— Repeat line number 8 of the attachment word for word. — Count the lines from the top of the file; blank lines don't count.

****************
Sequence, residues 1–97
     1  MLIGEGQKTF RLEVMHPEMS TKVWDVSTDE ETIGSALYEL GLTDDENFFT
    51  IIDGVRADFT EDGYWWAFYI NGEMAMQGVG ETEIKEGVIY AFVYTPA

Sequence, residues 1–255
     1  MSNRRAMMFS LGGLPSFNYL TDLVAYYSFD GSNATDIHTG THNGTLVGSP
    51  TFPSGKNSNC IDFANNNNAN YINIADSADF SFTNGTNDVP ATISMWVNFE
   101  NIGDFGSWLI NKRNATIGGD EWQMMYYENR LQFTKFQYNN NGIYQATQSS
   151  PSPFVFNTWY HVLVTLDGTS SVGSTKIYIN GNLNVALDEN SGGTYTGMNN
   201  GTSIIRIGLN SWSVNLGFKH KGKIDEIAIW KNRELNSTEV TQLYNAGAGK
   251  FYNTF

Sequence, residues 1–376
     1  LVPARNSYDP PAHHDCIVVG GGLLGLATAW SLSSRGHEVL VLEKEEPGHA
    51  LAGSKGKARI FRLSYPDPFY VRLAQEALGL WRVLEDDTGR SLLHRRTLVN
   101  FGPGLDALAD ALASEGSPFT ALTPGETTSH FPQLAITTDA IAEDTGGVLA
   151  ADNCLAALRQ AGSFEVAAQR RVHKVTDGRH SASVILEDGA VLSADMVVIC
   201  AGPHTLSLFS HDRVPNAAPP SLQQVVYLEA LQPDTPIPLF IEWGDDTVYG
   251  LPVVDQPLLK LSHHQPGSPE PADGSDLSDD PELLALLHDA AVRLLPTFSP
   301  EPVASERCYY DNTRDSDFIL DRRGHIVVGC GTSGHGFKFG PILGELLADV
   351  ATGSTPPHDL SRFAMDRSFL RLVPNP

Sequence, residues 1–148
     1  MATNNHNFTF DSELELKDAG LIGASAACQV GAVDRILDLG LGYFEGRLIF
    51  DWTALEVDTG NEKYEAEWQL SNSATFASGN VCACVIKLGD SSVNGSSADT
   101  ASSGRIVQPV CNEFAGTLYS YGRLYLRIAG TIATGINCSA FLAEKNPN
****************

   151  PSPFVFNTWY HVLVTLDGTS SVGSTKIYIN GNLNVALDEN SGGTYTGMNN